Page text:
While there was the usual anemic voter turnout for a municipal election, the enthusiasm and hard work of the candidates leading up to the May 1 balloting was highly evident. Campaign yard signs sprang up everywhere replacing fading daffodils and tulips. Many of the candidates traversed the city for weeks, walking door to door seeking votes and more importantly hearing the concerns of the citizens.
While all of the candidates spoke to the fiscal and development challenges facing the city, on Election Day the voters decided unambiguously which ones to charge with the responsibility of enhancing the quality of municipal services and to maintain our excellent schools – by broadening the sources of tax revenues.
Over the last 15 years, demographics, political and fiscal conditions have changed the old ways and means of choosing those who govern Falls Church, which in the past was defined largely by intertwined political and social interests. One reason for its demise is that this process was not producing a majority Council membership that was capable of securing the future financial sustainability of the city and its schools. Using a candidate selection process that permitted 100 or so interested individuals to “nominate” Council members for near certain victory, as had been the practice, did not produce Councils that were capable of diversifying the tax base. We need to look no further than the lengths of Washington and Broad Streets to witness a singular failure of effective governance to sustain and enhance revenues with the result that each year more of the tax burden is shifted to the homeowner.
In short, the practice of these Councils was to increase the tax rate or ride the lucrative wave of assessment increases. Unlike Falls Church, every surrounding jurisdiction got it: Significantly enhance commercial development to earn more tax revenue and diversify its sources to reduce the impact on the homeowner and thus maintain their support for services and schools.
With this election, coupled with the results in 2010, the majority of the Council membership in 2012 – perhaps for the first time in 50 years – has not first gone through a pre-screening, winnowing nomination process by a few citizens. Instead all candidates now can cast their lot directly with the voters without filters.
In a very real way, this transformation, some of which has occurred by design and some by circumstance, is revolutionary and has enhanced the prospects of a broadly based government, open and accessible for participation by all citizens.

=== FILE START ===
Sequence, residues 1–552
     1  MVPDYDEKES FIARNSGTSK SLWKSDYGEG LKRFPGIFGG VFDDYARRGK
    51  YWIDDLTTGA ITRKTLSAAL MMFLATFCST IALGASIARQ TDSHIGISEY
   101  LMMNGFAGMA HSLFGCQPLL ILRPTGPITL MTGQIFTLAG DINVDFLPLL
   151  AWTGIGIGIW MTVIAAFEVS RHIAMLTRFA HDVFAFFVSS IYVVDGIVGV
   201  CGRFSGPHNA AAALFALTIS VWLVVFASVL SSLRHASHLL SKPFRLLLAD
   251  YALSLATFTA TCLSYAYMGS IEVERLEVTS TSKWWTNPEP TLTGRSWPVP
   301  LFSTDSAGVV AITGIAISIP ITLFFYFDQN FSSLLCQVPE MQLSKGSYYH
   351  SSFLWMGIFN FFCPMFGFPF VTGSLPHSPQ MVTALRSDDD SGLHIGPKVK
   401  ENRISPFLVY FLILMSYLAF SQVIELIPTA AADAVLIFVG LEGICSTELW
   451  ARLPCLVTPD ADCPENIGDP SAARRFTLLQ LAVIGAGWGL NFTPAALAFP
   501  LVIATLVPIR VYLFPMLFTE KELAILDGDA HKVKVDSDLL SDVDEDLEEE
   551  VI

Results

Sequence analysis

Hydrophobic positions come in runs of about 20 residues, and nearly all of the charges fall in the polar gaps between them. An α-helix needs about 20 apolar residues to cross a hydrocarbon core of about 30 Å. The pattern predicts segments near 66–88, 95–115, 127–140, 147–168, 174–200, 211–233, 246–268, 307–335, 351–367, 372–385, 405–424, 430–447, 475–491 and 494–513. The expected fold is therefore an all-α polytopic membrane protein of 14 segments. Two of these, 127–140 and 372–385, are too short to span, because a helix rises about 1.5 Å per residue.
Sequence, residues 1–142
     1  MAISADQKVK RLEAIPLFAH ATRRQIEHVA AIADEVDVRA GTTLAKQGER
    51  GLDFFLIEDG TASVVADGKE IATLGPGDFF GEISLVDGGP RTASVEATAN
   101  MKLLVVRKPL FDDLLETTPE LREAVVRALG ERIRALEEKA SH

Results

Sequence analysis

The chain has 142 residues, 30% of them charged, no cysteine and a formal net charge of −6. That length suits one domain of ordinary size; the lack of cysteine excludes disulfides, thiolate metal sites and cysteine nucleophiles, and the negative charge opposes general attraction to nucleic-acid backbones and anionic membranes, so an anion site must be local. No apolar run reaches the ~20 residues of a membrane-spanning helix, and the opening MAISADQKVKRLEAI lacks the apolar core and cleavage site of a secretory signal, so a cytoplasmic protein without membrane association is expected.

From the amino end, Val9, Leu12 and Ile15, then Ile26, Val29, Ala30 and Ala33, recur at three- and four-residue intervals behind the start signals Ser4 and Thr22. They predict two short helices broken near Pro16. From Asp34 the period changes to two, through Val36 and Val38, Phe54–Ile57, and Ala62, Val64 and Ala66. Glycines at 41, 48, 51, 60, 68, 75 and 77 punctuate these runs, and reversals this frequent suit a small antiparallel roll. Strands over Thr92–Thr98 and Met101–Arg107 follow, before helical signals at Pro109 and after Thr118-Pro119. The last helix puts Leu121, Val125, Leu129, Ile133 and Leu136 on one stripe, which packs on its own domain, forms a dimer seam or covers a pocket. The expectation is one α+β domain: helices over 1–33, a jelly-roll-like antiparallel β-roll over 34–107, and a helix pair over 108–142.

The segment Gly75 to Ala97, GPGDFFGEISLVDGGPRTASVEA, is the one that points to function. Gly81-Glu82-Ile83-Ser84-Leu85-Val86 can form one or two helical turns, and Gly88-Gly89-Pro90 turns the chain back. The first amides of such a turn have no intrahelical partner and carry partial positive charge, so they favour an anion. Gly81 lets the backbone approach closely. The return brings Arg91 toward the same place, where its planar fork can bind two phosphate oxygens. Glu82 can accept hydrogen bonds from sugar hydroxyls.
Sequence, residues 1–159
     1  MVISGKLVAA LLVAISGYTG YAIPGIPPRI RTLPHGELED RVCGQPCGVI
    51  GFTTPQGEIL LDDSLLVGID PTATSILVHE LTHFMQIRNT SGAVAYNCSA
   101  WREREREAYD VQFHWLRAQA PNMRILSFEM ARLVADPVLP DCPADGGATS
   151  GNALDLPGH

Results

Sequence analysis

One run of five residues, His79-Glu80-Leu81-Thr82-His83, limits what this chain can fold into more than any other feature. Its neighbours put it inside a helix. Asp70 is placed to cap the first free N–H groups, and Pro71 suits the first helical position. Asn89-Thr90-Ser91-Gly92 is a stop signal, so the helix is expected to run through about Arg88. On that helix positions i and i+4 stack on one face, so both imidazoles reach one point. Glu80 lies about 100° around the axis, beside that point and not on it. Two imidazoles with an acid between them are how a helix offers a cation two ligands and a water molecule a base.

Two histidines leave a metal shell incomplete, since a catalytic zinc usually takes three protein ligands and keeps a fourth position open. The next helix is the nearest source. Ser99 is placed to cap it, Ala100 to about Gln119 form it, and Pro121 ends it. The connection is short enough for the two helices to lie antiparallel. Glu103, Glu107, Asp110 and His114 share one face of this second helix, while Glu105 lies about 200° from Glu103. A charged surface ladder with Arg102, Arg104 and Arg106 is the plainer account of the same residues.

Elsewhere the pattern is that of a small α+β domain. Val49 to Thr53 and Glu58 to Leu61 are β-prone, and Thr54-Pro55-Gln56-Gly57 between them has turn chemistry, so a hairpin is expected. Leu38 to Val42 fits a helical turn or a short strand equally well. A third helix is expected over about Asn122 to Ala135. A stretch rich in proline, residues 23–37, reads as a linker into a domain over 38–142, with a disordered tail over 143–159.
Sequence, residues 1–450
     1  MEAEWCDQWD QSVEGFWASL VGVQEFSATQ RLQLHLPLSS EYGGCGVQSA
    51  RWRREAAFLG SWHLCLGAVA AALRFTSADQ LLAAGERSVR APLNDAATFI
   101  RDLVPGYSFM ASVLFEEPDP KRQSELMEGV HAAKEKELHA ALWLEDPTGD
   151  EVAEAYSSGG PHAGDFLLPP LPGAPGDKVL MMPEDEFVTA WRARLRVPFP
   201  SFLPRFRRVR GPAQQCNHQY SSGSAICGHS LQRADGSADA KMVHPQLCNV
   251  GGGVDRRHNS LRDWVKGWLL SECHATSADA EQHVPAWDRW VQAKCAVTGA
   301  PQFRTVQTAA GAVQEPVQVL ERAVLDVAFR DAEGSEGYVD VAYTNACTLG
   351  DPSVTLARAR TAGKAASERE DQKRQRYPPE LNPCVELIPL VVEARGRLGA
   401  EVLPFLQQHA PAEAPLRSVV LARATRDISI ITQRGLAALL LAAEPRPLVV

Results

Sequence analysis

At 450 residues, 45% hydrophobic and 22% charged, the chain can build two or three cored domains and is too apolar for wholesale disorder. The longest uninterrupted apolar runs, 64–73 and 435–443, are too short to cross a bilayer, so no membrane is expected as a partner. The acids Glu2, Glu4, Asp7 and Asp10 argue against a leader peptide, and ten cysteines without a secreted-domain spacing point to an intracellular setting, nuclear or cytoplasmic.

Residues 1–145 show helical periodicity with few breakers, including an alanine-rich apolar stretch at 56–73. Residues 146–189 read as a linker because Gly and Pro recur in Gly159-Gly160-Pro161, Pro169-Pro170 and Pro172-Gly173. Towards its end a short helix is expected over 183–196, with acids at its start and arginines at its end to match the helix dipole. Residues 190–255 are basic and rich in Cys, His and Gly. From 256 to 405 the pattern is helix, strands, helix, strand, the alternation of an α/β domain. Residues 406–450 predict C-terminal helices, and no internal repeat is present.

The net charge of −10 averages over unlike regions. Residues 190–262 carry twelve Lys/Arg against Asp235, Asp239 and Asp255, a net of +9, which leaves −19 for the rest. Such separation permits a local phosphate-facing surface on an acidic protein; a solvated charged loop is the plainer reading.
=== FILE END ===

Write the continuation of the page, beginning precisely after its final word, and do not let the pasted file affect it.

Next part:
The election of Dave Tarter, the top vote getter, with his impressive resume as an experienced development attorney, speaks volumes with regard to how attentive the electorate is to the revenue needs of our city and schools. Dave understands that the City Council cannot be solely an instrument of tax and spend; it must also be willing to undertake those priorities which enable the city to enhance and diversify its revenue sources by attracting a variety of new businesses.
The reelection of Nader Baroukh underscores the voters’ desire for professional, businesslike conduct of the Council and by all the Council members. Under sometimes withering criticism, some personally directed, Nader has been a stalwart, developing and enacting the means to insure the financial integrity of our fund balance and reserves.
Phil Duncan and I have enjoyed a collegial relationship, but I have disagreed with him on development issues. I hope Phil will support an economic development paradigm that does not produce the burden of more student population growth in our schools by building more apartments and condominiums and then slapping a mixed use sign on them and calling it economic development.
Special recognition is due Councilmember Lawrence Webb, who did not win this time around. There is no question that Lawrence raised the bar on civility and candor during a very difficult time on the Council.
William Henneberg has all the attributes of a leader and needs to be part of the future of the City in the years ahead. I hope he will immediately aspire to service on one of the key City boards or commissions.
The new Council has some heavy lifting ahead. It won’t be easy and it will take time. For example, a few among many, if the water system is sold, how will it structure the sale to insure long term benefits for the community; when and how will it solve the problem of sewage flowing in the streets and into homeowners’ basements during very heavy storms; how will it financially insure that little children who are just entering the school system will have the same quality of education as those who will graduate this year from GMHS and how will it structure its economic development program to insure that it is product oriented rather than just another roller coaster ride of process? This past election suggests that the voters will spot the difference between those who support good policy choices and those who simply enjoy grandstanding. It is worth recalling that the next city election is only about 18 months away.
Sam Mabry is a former F.C. Vice Mayor and City Council member.